1st Edition

Cricket in the 21st Century

Edited By Souvik Naha, Dominic Malcolm Copyright 2024

    This book examines the ways in which cricket has reflected and reproduced some of the social and political tensions of the twenty-first century.

    Cricket’s struggle for global recognition and the shifting concerns about cricket’s perceived ‘character’ provide two of the most significant meta-narratives to shape the game’s historical and future development. However, in contrast to the degree of continuity these narratives appear to support, the game is currently undergoing a particularly rapid and radical phase of change. This book illustrates some of these dominant processes, that can be broadly categorized as the changing political economy of the game, the nation-specific manifestations of cricket’s political-economic landscape, and the intro- and retrospection within the English game. Cricket is not only thriving across the world, its global spread reveals narratives of migration, national and international politics, astute governance, empowerment of people, and cultural practices of everyday life. New ethical, political, and identity-related concerns have arisen with the reworking of the objectives and methods of playing and watching cricket. The chapters in this volume employ cricket as a useful conceptual tool to analyse the dynamics underwriting interactions between races, sexes, classes, and polities.

    Cricket in the 21st Century will be a fascinating read for students, scholars as well as general readers with an interest in the sociology and history of sport and global political economy. The chapters in this book were originally published as a special issue of Sport in Society.

    Introduction: Cricket at the beginning of the long twenty-first century

    Souvik Naha and Dominic Malcolm

     

    Part I - Emerging Networks in Global Cricket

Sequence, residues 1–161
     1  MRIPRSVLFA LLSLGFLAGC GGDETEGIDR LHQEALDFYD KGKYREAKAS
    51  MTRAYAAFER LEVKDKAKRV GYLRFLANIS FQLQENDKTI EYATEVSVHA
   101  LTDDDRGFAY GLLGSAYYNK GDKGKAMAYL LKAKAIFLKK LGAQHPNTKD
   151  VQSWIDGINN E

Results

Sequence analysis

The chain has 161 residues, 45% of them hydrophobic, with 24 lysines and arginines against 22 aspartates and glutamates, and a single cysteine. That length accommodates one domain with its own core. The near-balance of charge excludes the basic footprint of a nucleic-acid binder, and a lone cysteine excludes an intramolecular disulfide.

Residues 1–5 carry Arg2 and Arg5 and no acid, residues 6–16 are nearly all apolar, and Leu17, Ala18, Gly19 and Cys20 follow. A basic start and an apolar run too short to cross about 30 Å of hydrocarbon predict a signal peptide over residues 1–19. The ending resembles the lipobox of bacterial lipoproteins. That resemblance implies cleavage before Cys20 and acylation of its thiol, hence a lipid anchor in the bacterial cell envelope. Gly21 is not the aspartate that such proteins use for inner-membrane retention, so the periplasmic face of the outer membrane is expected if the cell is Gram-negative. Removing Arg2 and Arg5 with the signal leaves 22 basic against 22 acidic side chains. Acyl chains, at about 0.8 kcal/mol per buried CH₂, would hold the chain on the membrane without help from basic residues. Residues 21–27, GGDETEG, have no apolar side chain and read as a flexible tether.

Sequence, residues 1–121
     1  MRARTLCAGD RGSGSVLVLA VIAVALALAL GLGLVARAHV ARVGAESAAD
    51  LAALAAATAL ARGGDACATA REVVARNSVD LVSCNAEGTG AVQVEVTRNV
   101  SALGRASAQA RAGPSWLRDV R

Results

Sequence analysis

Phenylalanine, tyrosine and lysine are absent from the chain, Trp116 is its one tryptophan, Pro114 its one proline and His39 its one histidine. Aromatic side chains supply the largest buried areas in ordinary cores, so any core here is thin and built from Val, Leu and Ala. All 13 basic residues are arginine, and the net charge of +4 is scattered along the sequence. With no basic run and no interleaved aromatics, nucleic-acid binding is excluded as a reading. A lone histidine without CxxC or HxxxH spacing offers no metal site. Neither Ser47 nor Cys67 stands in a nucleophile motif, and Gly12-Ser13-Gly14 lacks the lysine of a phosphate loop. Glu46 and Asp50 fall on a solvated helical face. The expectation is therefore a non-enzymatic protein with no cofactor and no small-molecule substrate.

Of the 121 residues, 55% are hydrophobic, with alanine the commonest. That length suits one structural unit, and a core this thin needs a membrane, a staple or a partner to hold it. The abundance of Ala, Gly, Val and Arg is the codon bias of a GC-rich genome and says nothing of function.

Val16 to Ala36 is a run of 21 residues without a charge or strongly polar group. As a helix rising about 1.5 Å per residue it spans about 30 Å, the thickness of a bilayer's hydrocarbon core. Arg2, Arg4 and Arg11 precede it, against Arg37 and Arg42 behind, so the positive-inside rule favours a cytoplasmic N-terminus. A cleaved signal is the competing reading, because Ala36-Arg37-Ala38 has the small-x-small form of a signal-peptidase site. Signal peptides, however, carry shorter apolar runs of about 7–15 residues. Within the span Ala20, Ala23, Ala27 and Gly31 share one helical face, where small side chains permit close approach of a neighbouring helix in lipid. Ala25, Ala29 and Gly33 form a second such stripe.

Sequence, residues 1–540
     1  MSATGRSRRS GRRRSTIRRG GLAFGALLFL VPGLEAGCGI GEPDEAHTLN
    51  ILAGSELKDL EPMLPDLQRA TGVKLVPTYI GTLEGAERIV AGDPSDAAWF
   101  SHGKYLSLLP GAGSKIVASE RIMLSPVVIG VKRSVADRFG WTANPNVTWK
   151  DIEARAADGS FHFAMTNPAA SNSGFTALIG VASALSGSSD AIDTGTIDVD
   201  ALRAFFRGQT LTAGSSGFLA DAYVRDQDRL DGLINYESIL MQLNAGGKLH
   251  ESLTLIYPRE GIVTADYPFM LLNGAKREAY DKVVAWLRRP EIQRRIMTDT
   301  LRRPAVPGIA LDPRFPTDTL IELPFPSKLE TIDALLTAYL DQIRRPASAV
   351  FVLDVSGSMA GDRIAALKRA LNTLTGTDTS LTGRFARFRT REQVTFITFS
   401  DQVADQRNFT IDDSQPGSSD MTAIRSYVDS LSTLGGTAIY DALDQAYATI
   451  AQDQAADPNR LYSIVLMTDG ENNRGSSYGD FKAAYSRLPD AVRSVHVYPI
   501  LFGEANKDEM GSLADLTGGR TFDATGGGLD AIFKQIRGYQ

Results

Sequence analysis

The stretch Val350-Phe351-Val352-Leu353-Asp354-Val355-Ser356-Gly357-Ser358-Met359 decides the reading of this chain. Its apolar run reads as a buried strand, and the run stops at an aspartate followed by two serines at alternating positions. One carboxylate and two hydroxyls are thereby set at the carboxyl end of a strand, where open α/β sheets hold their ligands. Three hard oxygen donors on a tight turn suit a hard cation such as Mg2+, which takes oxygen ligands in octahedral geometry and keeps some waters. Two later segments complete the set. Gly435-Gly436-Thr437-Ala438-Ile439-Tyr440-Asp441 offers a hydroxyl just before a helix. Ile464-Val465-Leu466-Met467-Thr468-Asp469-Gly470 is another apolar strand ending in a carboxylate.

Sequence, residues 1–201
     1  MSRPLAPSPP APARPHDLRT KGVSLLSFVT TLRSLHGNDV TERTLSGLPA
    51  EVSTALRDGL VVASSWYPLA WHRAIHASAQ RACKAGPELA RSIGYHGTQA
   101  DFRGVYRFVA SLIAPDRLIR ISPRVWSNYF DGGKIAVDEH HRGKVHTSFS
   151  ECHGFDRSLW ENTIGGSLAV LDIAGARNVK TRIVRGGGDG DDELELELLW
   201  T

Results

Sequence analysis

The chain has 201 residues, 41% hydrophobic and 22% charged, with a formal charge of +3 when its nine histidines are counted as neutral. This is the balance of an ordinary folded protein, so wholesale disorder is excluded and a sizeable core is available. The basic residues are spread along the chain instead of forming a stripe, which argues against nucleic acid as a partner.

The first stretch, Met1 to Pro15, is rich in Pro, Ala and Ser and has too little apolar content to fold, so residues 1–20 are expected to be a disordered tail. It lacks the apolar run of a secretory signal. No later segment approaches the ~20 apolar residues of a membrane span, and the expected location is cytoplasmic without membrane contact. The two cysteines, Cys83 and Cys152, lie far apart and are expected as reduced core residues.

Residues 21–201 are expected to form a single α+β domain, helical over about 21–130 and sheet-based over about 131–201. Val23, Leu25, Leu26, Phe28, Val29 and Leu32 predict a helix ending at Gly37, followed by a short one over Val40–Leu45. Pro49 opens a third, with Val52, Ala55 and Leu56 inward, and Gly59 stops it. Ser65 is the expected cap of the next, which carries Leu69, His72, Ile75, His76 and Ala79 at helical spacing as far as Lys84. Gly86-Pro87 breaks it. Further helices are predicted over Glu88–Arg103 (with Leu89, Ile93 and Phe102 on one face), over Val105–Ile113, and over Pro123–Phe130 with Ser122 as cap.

1. Cricket, Brexit and the Anglosphere

    Dominic Malcolm

     

    2. Capitalism and the ethics of sport governance: a history of the board of control for cricket in India

    Avipsu Halder

     

    3. From idyllic past-time to spectacle of accelerated intensity: televisual technologies in contemporary cricket

    Damion Sturm

     

    4. Flight of fantasy or reflections of passion? Knowledge, skill and fantasy cricket

    Souvik Naha

     

    5. Maidens and Man-kads: gendering cricket scholarship in the 21st century

    Rafaelle Nicholson

     

    Part II - Shifting Topographies of National Cricket

     

    6. Cricket, terrorism and security in contemporary South Asia

    Kausik Bandyopadhyay

     

    7. The development of cricket in China

    Boyang He and Dominic Malcolm

     

    8. Beyond the boundary: the Sandpapergate scandal and the limits of transnational masculinity

    John Hughson and Marina Hughson

     

    9. Cricket, society and religion: a study of increasing religiosity in the national cricket team of Pakistan

    Ali Khan

     

    10. No-ball! When transformation, indigenization and politicking overstepped into Zimbabwean cricket

    Admire Thonje

     

    11. Quotas in South African cricket: what the players say

    Mary-Ann Dove, Janine Gray, Mogammad S. Taliep and Catherine E. Draper

     

    Part III - Negotiating Diversity in English Cricket

     

    12. Towards a safer past: thoughts on the invocation of English cricket’s soul

    Stephen Wagg

     

    13. “The ‘blazer boys’ were getting all the chances”: South Asian men’s experiences of cricket coaching in England

    Thomas Fletcher, David Piggott and Julian North

     

    14. Inclusionary and exclusionary banter: English club cricket, inclusive attitudes and male camaraderie

    William Lawless and Rory Magrath

     

    15. Cricket has no boundaries with NatWest? The hyperreality of inclusion and diversity in English cricket

    Ben Powis and Philippa Velija

    Biography

    Souvik Naha is Senior Lecturer in Imperial and Post-colonial History at the University of Glasgow, Scotland. He has published extensively in colonial and postcolonial history, including a monograph and several edited journal special issues. He is the Joint Executive Academic Editor of Sport in Society and Associate Editor of Sport in History.

    Dominic Malcolm is Professor of Sociology of Sport in the School of Sport, Exercise and Health Sciences, Loughborough University, England. He has authored 5 monographs, edited 9 anthologies and written over 100 journal articles and book chapters. He is the Editor-in-Chief of International Review for the Sociology of Sport.